Wednesday, October 3, 2007

St. Cyril of Alexandria and truth

As part of his ongoing series of audiences about the Fathers of the Church, Pope Benedict XVI today presented a brief teaching on the life of St. Cyril of Alexandria:

"The subject of today's catechesis is Saint Cyril of Alexandria, known as the 'pillar of faith' and the 'seal of all the Fathers'. He was born somewhere between 370 and 380, and at a young age became Bishop of Alexandria. Cyril was a zealous defender of the faith. He took care to ensure that his theology was firmly situated within the tradition of the Church by referring to preceding ecclesiastical authorities, especially Athanasius. Through a series of letters countering the position of Nestorius, the Bishop of Constantinople, Cyril made a very significant contribution to Christology defending the divinity and humanity of Christ united in the one Lord, Christ and Son. He was also of utmost influence at the Council of Ephesus, supporting the recognition of the Virgin Mary as the 'Mother of God'. This led to the deposition of Nestorius as Bishop of Constantinople. Saint Cyril, a prolific writer whose works were read throughout the Church, was declared a Doctor of the Church by Pope Leo XIII in 1882. May our remembrance of this outstanding figure in the history of Christianity remind us that the centre of our faith is the encounter with Jesus Christ, who gives each one of us a new horizon and a decisive direction!"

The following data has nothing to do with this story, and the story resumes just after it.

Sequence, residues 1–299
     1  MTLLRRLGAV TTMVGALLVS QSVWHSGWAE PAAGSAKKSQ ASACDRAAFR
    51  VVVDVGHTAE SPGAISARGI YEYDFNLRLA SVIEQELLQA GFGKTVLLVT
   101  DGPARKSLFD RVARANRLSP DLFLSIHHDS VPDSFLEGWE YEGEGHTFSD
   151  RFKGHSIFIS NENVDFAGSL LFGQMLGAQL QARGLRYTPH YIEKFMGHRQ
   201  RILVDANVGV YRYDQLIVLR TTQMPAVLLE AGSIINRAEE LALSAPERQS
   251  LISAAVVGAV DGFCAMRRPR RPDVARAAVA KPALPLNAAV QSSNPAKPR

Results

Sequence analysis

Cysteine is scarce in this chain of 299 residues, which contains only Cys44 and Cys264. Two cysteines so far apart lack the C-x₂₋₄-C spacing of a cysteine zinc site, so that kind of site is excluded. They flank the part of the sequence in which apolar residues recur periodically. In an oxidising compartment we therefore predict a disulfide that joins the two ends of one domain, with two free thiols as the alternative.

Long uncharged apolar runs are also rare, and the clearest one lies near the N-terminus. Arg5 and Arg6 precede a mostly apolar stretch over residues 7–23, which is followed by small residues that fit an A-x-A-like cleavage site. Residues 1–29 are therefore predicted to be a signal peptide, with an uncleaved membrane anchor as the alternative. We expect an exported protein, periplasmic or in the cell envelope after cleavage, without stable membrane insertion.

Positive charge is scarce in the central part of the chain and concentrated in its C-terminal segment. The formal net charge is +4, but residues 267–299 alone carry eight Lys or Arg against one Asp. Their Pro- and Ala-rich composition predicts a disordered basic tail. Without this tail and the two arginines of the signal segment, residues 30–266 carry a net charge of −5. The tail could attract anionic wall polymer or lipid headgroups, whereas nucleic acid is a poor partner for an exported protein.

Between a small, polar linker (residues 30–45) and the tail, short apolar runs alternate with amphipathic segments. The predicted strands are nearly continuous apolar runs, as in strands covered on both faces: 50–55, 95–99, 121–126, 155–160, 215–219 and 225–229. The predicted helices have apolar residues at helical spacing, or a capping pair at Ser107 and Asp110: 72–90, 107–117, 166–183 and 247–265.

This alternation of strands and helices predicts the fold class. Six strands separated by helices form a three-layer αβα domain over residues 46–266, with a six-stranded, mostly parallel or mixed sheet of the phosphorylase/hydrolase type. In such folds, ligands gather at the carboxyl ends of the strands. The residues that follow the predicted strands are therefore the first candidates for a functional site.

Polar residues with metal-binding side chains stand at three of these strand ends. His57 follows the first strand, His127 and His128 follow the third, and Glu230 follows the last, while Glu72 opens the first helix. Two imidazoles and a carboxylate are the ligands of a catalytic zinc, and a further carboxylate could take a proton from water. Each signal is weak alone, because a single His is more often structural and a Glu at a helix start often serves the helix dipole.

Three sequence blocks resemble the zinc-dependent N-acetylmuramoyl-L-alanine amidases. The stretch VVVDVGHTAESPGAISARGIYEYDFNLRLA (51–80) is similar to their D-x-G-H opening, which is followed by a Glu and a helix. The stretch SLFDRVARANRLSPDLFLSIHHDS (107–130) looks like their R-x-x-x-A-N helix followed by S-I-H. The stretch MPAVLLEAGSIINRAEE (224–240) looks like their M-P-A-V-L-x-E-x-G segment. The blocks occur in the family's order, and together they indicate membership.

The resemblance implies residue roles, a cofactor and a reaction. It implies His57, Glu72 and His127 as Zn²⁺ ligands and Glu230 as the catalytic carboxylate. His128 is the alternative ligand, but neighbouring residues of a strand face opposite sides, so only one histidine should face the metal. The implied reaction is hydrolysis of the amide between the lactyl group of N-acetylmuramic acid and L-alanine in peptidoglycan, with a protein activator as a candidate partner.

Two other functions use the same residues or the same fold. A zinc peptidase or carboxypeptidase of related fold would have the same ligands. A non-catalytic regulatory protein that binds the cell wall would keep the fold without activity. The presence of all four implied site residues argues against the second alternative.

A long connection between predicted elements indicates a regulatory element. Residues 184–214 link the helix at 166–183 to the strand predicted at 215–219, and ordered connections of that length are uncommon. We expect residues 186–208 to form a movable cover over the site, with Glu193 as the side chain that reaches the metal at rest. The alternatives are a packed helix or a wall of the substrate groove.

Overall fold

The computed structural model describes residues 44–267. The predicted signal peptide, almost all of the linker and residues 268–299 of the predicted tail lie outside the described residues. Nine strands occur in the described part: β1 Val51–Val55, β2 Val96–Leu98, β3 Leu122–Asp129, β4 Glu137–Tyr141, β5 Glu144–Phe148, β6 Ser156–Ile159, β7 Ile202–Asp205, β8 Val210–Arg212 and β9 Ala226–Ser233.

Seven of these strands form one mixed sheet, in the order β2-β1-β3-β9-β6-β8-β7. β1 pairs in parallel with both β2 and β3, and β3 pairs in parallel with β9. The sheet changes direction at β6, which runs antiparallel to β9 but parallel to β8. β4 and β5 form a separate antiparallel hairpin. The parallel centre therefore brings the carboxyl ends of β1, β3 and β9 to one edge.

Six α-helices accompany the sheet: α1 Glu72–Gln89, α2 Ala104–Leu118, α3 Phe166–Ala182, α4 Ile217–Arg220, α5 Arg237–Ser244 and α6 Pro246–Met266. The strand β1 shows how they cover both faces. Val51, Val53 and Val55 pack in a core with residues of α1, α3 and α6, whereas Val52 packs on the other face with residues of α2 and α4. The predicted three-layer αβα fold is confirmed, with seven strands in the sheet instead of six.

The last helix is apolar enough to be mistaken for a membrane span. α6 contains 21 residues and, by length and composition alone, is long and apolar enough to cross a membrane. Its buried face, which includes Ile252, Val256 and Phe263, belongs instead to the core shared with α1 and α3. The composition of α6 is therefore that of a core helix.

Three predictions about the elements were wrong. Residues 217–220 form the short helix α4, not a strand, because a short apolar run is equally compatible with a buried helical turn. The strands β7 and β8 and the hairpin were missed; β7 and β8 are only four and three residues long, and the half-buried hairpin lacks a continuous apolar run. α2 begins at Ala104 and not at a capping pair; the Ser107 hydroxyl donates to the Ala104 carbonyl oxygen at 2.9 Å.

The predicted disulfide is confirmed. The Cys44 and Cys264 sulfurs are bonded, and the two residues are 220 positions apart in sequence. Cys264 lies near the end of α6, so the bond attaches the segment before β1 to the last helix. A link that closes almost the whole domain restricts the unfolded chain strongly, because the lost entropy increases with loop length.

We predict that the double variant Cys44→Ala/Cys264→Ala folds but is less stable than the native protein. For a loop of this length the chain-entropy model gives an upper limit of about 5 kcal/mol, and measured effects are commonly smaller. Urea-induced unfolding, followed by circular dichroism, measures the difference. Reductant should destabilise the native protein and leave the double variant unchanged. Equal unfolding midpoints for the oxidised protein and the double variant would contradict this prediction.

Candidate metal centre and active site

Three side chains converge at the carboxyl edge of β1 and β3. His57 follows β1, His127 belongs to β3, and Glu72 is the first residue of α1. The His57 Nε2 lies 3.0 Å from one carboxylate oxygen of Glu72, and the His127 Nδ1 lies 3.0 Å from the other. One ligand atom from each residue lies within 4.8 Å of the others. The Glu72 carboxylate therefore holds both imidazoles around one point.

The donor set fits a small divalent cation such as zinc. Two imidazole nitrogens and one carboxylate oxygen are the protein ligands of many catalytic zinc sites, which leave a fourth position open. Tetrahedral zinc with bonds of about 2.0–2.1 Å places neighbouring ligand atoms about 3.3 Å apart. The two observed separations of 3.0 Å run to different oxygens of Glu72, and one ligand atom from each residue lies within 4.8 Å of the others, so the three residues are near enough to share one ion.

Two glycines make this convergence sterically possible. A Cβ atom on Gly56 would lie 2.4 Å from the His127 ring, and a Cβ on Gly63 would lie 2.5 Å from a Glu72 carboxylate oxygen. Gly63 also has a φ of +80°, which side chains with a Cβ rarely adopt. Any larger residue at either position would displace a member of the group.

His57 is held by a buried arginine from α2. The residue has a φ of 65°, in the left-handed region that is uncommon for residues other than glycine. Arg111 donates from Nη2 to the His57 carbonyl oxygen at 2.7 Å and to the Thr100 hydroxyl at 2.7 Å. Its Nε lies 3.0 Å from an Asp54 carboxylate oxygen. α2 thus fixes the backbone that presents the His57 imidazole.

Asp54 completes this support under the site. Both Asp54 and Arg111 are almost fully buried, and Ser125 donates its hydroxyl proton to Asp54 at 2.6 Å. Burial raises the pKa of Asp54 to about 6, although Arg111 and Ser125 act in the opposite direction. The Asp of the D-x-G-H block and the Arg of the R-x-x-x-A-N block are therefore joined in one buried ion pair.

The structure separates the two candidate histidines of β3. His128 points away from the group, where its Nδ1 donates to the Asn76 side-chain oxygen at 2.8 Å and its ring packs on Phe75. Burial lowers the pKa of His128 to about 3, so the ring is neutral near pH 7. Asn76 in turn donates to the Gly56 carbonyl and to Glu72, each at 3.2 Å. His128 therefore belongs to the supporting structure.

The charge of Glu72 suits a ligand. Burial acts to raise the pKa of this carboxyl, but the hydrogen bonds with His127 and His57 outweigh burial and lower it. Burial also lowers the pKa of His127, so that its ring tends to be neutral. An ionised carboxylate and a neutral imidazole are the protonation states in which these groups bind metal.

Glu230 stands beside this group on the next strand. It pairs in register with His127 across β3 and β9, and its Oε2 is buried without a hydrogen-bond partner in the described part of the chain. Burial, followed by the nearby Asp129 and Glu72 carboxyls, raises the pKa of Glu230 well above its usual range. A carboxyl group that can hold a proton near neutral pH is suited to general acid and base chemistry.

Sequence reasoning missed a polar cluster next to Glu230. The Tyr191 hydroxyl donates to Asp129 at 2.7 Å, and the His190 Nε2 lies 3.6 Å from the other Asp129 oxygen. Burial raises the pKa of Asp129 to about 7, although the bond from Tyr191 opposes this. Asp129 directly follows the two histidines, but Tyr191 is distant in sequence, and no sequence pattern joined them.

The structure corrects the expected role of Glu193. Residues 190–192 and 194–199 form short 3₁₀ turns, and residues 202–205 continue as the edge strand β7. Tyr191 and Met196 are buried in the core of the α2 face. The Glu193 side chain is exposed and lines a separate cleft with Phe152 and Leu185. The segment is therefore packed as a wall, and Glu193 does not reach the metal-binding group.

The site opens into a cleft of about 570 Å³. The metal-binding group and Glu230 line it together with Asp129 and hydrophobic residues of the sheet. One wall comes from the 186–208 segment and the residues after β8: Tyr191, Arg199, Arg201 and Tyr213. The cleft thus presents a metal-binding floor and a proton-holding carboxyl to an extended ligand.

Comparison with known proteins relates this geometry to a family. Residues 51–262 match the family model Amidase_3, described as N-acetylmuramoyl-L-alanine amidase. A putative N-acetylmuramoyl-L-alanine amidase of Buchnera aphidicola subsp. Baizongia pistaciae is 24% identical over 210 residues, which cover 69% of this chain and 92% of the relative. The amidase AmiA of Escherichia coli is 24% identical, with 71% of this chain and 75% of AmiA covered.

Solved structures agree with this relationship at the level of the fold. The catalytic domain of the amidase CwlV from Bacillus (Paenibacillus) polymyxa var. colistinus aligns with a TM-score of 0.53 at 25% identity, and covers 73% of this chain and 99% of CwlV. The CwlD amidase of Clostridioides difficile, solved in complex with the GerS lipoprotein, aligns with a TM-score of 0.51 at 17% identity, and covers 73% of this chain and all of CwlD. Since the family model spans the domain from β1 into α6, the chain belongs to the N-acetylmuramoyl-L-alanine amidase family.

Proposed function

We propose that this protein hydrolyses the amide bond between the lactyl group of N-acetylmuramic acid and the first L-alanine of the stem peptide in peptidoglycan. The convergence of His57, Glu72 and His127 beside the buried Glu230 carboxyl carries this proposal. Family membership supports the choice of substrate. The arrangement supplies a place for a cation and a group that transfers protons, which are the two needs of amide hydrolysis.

I always think it's interesting to learn a little bit about the history of Christianity and see how God has worked through very real people and events to guide His Church and its understanding of Him. The Christian faith didn't just plop down from the sky neatly packaged, nor was it fabricated during the Middle Ages. Rather, the Church's understanding developed over time, and it continues to develop to this day.

It may seem like the debates with which the Church has concerned itself over the centuries have often been esoteric, irrelevant, and prone to hair-splitting. Why should we care, one might ask, whether Jesus was two persons, as Nestorius argued, or one person with two natures, as Cyril argued? What difference does it make?

The Church believes, however, that the truth matters a great deal. The truth is especially important when we're talking about the most important Being there is, and the Church will never shy away from seeking that truth.

(Incidentally, the debate between St. Cyril and Nestorius makes quite a big difference, but I don't think I'm qualified to go into much depth about it right now.)

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